Genetic researchers at the University of Washington, Seattle and the University of Florida have for the first time managed to restore normal color vision in primates. Two squirrel monkeys have, for over ten years now, been trained to identify differing color groups on a touch-screen computer. Following innovative genetic therapy, they are now able to identify spectra that had previously been invisible due to their inherent red/green color deficiency.
What is Colorblindness?
Colorblindness is an inherited genetic disorder that affects the way the retina interprets different frequencies within the color spectrum. Light sensitive cones (macula) located at the center of the retina are responsible for correctly allocating these wavelengths with the appropriate color distinction. In the case of colorblindness, the genetic formula being fed to these receptors is tainted, thus causing the cones to misinterpret the varying wavelengths of incoming light. For example, sufferers of red-green color blindness cannot distinguish between colors in the green-red-yellow part of the spectrum.
Genetic Therapy Remodels Cone Receptors
The objective behind the new treatment was to develop a process whereby ‘corrective’ genetic material could be safely transferred into the retina’s defective cone receptors. This was achieved by injecting a harmless modified adeno-associated virus directly into the retina. The virus seeks to introduce a protein, long-wavelength opsin, whose specific task is the creation of red/green sensitive pigments. It is also of interest that the study is already foreshadowing practical clinical application with an eye to the future: human DNA was used in the trial negating the future need to switch genetic base material.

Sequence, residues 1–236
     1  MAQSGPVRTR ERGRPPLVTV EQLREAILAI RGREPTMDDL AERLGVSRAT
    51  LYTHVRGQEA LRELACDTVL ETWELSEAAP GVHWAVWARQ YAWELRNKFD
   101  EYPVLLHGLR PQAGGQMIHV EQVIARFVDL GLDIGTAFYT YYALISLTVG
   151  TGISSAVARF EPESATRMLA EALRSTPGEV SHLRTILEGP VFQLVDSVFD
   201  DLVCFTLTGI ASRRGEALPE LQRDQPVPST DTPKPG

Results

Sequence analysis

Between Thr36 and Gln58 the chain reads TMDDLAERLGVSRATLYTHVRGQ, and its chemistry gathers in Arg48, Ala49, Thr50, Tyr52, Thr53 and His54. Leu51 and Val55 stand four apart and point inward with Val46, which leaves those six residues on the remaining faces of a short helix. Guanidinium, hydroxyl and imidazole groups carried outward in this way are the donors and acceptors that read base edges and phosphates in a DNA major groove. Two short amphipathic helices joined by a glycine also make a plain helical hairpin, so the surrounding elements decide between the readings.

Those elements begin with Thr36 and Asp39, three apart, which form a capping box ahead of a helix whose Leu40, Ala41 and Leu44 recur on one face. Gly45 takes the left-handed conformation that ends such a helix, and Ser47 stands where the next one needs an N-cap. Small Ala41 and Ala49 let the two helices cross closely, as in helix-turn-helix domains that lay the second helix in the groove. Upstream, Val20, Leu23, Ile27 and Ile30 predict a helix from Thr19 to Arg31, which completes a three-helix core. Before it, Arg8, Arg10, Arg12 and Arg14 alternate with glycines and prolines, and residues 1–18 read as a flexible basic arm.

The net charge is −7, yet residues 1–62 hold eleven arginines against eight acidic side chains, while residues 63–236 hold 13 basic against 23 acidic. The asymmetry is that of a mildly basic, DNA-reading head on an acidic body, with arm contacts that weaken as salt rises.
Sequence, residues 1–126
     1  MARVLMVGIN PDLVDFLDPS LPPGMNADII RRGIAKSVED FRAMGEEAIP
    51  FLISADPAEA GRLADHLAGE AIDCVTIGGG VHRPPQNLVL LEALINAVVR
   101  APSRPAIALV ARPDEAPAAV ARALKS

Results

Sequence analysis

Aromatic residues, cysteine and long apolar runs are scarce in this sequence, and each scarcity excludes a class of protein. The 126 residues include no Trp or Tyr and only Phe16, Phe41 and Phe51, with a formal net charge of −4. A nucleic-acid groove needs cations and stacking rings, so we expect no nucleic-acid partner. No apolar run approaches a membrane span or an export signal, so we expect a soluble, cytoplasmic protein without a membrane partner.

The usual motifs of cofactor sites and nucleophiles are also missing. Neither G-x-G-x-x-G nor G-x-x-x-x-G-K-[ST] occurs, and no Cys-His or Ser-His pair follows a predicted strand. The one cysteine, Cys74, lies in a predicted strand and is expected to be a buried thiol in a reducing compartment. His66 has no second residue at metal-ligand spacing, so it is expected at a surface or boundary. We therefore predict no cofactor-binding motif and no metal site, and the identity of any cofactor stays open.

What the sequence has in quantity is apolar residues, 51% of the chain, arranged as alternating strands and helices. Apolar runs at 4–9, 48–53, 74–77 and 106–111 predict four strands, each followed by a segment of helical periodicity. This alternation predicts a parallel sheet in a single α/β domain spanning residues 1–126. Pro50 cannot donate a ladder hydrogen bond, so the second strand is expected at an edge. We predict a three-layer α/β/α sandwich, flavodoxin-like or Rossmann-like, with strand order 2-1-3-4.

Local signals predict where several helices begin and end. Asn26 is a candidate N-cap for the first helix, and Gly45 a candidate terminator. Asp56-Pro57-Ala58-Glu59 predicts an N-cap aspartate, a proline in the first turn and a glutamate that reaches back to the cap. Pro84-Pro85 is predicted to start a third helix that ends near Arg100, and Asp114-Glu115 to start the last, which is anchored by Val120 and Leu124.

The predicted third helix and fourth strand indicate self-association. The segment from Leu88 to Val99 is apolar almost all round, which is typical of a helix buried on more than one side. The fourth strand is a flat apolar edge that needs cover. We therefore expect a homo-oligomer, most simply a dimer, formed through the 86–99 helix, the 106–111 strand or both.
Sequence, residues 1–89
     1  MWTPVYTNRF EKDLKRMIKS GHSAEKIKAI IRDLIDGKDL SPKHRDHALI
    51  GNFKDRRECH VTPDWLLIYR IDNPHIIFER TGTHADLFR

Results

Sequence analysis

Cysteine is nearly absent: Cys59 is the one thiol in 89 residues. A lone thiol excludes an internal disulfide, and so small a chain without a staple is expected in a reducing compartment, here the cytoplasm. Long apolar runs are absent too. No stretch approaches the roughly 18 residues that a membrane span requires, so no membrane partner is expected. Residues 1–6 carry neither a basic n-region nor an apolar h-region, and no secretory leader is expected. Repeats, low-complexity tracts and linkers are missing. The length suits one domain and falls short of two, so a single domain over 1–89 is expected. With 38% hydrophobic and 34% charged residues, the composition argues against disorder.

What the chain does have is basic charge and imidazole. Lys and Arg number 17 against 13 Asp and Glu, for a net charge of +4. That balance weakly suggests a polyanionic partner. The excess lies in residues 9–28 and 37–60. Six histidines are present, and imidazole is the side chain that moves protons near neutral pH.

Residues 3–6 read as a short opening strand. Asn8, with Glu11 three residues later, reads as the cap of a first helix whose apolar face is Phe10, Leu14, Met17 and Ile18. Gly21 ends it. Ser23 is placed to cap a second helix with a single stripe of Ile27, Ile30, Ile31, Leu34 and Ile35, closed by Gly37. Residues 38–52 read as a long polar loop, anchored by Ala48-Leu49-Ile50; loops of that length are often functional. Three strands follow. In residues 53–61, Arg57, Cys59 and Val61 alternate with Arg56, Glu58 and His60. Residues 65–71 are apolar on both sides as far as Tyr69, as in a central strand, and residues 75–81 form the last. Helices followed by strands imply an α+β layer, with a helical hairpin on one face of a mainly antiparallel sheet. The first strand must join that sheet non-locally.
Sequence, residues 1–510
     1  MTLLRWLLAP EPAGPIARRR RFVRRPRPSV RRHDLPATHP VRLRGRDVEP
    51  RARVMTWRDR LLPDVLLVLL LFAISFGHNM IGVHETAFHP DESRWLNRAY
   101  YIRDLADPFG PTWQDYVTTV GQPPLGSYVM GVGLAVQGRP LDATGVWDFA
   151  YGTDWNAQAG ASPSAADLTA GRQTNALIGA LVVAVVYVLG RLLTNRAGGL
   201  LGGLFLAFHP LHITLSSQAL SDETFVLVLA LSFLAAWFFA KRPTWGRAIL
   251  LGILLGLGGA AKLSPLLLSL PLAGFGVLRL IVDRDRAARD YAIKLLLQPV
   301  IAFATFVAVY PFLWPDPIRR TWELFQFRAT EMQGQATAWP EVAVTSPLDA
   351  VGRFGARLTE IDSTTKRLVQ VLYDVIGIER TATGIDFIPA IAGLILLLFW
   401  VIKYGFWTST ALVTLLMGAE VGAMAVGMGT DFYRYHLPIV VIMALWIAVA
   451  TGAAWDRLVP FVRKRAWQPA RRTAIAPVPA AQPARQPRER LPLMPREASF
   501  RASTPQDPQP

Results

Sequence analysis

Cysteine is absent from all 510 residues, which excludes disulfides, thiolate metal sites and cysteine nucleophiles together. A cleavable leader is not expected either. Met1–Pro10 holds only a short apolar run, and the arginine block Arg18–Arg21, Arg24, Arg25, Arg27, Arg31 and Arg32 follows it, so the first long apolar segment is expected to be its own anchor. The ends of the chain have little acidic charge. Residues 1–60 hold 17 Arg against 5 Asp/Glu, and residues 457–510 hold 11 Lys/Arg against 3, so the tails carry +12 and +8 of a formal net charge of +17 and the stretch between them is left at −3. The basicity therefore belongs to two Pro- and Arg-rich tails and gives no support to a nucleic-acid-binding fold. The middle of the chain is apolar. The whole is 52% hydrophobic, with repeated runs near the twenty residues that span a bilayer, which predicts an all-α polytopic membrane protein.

Procedure Ripe for Human Application
For some 20 weeks following the initial introduction of the protein nothing happened, then the turning point. The two squirrel monkeys used in the study began to recognize the red/green spectrum that is naturally missing in their particular breed. They have now steadily maintained their new color range capabilities for over two years, without exhibiting any undue side effects. It is of enormous importance that the process was successful in adult test subjects; this suggests that the brain has a far more flexible capability to ‘retrain’ itself than first thought.
One of the studies co-authors, Jay Neitz, Ph.D., a professor of ophthalmology at the University of Washington, is optimistic about the results.
Other Vision Disorders Set to Benefit from Further Development
It is commonplace for colorblindness to be considered a relatively non-debilitating vision disorder, its symptoms paling in the face of more extreme ailments. But this is of scant comfort to the many millions who live their lives within a universe of alternate hue. Those whose teachers may as well be writing lessons with invisible chalk, whose career options are stunted by the fact that they cannot distinguish various navigation lights and signals. This is a world where the subtle color whims of the masters or the diverse pallets offered by the worlds of film and fashion mean nothing; a world where sufferers are literally not getting the full picture.
Again, all this may seem paltry against disorders that induce varying degrees of true vision loss; but the color deficient are potentially not the only ones set to gain from this new treatment. As with many breakthroughs, there is potential here for a vast application. Colorblindness may be the starting point, but already disorders such as age-related macular degeneration and diabetic retinopathy are being mentioned as possible future beneficiaries.